custom to take up the collection at the VERSE 11.These things happened door as the people go out. A poor wounto them for ensamples, i. e., examples, man, in going out, dropped a sovereign types, or figures. Not that God caused into the basket. The deacon who held the Israelites to sia, and then punished the basket said: them for their sius, in order to afford us " I'm sure you cannot afford to give examples. But in the punishment of so much as that?'. Israel we may see the type of God's “ O yes, I can,' she said. dealing with us in case we sin in the "Do take it back,' said the deacon. same way. Written for our admonition. | “She replied : This expresses a positive purpose. Gud “I must. give it. I love to give for caused these things to be written as Jesus' sake.' warning examples to us, that should ad- “ Then the deacon said: monish us to avoid the sins which “Take it home to-night, and if, after hrought so much evil upon Israel. The thinking it over, you still wish to give ends of the world. The Christian age, it, you can send it in the morning.' which is the last age of the world.-The | “In the morning I was sitting at Scriptures teach us that there is saving breakfast with the deacon, when a little efficacy in the sacraments of the Church: note came from this woman; but the But they also teach us that not all note contained two sovereigns. church-members will finally be saved ; “ You won't take them?” I said to for many receive the grace of God in the deacon. vain. How this is possible is illustrated “Of course I shall,' said he ; 'I know in this lesson. This lesson then should that good woman well. If I send them teach us confidence in God's ordinances, back, she will send four next time.' as means of actual deliverance from the “This was indeed loving to give.'power of evil, but the necessity also of |— Well-Spring.


Fifteenth Sunday after Trinity.

latob; 2003's

KEY-NOTE: "Seek ye first the kingdom of God and His righteousness."

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The Race and the Prize; or, Temperance in all Things. -1 Cor. ix. 22–27.

22. To the weak became I as weak, that I , mastery is temperate in all things. Now they might gain the weak: I am made all things to do it to obtain a corruptible crown; but we an all men, that I might by all means save some. | incorruptible.

23. And this I do for the Gospel's sake, that 26. I therefore so run, not as uncertainly; so I might be partaker thereot with you.

fight I, not as one that beateth the air: 24. Know ye not that they which run in a 27. But I keep under my body, and bring it race run all, but one receiveth the prize ? So into subjection : lest that by any means, when run that ye may obtain.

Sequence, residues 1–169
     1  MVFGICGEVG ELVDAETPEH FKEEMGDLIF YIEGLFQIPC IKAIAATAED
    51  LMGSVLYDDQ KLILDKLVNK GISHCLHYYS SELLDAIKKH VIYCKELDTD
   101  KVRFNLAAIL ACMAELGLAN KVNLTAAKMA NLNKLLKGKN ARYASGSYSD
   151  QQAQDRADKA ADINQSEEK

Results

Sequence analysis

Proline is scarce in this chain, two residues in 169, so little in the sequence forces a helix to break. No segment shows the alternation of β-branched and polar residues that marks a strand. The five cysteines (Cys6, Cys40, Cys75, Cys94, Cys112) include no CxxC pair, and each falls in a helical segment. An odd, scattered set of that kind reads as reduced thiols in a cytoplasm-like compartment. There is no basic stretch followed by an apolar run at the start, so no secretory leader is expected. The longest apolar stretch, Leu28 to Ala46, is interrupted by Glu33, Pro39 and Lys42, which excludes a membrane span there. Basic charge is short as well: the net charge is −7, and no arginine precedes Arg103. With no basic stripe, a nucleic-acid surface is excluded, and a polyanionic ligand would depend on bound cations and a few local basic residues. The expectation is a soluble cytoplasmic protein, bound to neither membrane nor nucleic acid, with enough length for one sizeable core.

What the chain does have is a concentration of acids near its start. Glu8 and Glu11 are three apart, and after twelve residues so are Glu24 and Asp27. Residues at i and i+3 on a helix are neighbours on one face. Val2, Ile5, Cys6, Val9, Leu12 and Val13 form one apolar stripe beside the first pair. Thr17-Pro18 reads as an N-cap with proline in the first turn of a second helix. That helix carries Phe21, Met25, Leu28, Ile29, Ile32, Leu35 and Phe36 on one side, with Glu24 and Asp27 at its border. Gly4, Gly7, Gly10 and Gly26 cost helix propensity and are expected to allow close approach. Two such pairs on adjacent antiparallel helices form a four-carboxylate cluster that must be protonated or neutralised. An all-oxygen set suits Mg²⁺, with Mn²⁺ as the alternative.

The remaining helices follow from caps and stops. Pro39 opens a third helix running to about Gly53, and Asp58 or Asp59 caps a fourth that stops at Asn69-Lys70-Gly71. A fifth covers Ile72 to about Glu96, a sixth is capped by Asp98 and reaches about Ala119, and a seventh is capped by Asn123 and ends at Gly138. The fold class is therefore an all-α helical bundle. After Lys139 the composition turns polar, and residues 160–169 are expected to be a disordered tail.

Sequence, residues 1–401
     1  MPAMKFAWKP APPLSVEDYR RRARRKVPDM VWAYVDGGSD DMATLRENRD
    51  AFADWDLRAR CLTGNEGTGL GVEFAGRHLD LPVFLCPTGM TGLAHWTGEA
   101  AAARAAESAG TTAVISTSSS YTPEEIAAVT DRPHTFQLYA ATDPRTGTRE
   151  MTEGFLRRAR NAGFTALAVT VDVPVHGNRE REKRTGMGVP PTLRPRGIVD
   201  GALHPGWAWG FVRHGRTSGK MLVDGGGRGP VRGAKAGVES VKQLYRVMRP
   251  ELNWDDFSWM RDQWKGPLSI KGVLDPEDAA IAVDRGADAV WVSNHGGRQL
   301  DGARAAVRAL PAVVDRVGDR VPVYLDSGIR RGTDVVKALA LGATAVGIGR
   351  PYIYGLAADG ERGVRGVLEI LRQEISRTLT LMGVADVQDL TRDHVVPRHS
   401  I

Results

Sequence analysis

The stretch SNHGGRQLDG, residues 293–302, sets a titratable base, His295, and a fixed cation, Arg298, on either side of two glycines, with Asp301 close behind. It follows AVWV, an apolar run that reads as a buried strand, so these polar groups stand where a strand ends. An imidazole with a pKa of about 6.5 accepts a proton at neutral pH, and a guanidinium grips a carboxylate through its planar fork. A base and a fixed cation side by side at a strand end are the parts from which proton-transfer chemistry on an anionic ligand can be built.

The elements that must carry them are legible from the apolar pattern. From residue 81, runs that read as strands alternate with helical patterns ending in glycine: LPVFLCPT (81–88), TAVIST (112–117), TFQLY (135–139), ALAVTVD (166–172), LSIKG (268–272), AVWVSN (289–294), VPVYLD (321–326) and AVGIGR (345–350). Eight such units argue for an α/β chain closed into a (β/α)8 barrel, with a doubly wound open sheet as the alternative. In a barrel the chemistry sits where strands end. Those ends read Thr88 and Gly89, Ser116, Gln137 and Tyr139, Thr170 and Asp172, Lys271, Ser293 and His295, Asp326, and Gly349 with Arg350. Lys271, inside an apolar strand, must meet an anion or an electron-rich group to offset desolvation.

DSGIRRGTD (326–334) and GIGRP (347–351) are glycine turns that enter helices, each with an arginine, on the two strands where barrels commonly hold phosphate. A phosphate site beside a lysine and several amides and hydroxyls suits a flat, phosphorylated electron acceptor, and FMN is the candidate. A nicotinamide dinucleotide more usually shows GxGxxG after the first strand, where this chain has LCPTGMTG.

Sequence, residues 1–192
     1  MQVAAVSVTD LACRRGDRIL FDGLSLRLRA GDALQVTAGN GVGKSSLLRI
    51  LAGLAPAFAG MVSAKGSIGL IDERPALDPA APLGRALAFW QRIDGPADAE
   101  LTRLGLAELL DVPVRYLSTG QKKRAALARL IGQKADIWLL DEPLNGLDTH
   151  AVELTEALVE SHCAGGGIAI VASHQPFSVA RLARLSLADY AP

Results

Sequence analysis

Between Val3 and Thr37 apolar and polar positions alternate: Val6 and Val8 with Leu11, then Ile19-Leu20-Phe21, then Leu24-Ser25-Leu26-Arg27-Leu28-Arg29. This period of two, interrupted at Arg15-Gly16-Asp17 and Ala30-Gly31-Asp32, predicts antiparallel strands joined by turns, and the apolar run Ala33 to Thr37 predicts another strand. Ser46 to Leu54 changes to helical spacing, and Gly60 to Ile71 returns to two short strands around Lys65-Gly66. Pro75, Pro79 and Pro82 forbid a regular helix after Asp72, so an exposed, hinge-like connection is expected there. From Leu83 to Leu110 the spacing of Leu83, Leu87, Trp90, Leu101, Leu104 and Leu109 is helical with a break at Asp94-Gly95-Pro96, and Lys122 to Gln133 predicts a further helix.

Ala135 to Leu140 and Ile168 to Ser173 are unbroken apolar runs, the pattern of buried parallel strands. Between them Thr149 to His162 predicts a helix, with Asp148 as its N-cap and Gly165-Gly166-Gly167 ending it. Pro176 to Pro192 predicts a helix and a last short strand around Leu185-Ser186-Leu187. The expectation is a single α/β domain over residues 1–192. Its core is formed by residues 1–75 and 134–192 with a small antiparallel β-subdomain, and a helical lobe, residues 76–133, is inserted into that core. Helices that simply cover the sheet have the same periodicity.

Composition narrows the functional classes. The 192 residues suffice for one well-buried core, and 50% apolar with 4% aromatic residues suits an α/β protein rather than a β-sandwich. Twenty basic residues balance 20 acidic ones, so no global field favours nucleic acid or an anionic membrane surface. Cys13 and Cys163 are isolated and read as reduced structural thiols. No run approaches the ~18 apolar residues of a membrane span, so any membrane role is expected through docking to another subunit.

I have preached to others, I'myself should be a 25. And every one that striveth for the cast-away.


What is our key-note ? Whence is it taken? own salvation? In order to the salvation of For what things are we not to be anxiously others, may it become our duty to practice selfthoughtful? What should be the first object denial from consideration of their weaknesses ? of our thought and desire? What promise bave Rom. xv. 1. Can you give an illustration of we then in regard to things necessary for the this principle? Rom. xiv. 21. But have the body? What will be the consequence of mind- weak a right to demand this of us? Would the ing only earthly things and neglecting heavenly attempt to do this prove them to be vain instead things? How is this expressed in the Epistle of weak for 10-day?

VERSE 24. To what institution does the What is the subject of our lesson to-day? | Apostle here call the attention of his readers ? What is meant by race? Is the Christian life When and wbere were these games celebrated ? ever in Scripture compared to a race? What is How were they celebrated ? What was the necessary in order to a successful Christian life? prize of the victors ? Did those engaged in the What is temperance Is temperance necessary contest strive earnestly for the victory? Is only in regard to the use of intoxicating drinks? there a comparison between these contests and

In the part of this chapter preceding our the Christian life? lesson, what sacrifices does St. Paul say he made ! VERSE 25. What does the Apostle mention for the sake of the Gospel? Was it his duty to here as a condition of success in the race? make these sacrifices ?' But had those to whom What does that mean? What was the crown he ministered a right to claim them of him? of victory in the race? What is the Christian's Have ministers of the Gospel a right to their crown? Must one be temperate in all things in temporal support ? Ver. 14. What is to be order to win this crown? What is the most thought of those who refuse this ?

dangerous kind of intemperance? What is said VERSE 22. What does the Apostle state in of drunkards in Scripture ? 1 Cor. vi. 10. Can this verse? What does he mean by the weak. you be temperate wbile any body else is intemWhat by saying that he became as weak. How perate? What sort of temperance is that which did he become all tbings to all men ? In regard is dependent only on external pressure ? to what things did he thus accommodate him VERSES 26-27. Does St. Paul here express self to all men ? Did he do it when vital moral confidence in his success as a Christian wrestler? and religious principles were concerned ? What What is meant by running uncertainly What was his motive for his self-denying accommo- by beating the air What relation is there bedation to the weaknesses of others ? Was that tween temperance and the subjection of the a noble aim ? Will God have all men to be body? Whence are the appetites leading to saved ? 1 Tim. ii. 4. How is the salvation of intemperance ?. Whence then come our greatest men accomplished ?